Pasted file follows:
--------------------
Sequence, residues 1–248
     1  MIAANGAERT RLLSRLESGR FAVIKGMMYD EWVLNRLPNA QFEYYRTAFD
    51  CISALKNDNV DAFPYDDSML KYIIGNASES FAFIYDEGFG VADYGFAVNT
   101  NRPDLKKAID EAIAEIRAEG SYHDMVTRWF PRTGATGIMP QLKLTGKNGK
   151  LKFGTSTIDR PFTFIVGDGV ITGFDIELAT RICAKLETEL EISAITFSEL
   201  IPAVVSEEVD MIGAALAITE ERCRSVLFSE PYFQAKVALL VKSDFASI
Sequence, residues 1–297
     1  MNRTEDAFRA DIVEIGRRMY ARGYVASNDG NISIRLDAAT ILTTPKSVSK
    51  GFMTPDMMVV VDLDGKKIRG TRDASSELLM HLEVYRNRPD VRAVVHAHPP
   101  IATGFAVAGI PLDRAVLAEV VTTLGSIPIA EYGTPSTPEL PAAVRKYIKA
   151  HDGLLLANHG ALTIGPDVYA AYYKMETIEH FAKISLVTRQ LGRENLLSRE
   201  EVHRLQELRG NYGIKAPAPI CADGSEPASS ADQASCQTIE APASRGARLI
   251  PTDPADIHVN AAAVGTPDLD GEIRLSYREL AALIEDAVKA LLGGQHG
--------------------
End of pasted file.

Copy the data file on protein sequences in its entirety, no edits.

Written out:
Sequence, residues 1–248
     1  MIAANGAERT RLLSRLESGR FAVIKGMMYD EWVLNRLPNA QFEYYRTAFD
    51  CISALKNDNV DAFPYDDSML KYIIGNASES FAFIYDEGFG VADYGFAVNT
   101  NRPDLKKAID EAIAEIRAEG SYHDMVTRWF PRTGATGIMP QLKLTGKNGK
   151  LKFGTSTIDR PFTFIVGDGV ITGFDIELAT RICAKLETEL EISAITFSEL
   201  IPAVVSEEVD MIGAALAITE ERCRSVLFSE PYFQAKVALL VKSDFASI
Sequence, residues 1–297
     1  MNRTEDAFRA DIVEIGRRMY ARGYVASNDG NISIRLDAAT ILTTPKSVSK
    51  GFMTPDMMVV VDLDGKKIRG TRDASSELLM HLEVYRNRPD VRAVVHAHPP
   101  IATGFAVAGI PLDRAVLAEV VTTLGSIPIA EYGTPSTPEL PAAVRKYIKA
   151  HDGLLLANHG ALTIGPDVYA AYYKMETIEH FAKISLVTRQ LGRENLLSRE
   201  EVHRLQELRG NYGIKAPAPI CADGSEPASS ADQASCQTIE APASRGARLI
   251  PTDPADIHVN AAAVGTPDLD GEIRLSYREL AALIEDAVKA LLGGQHG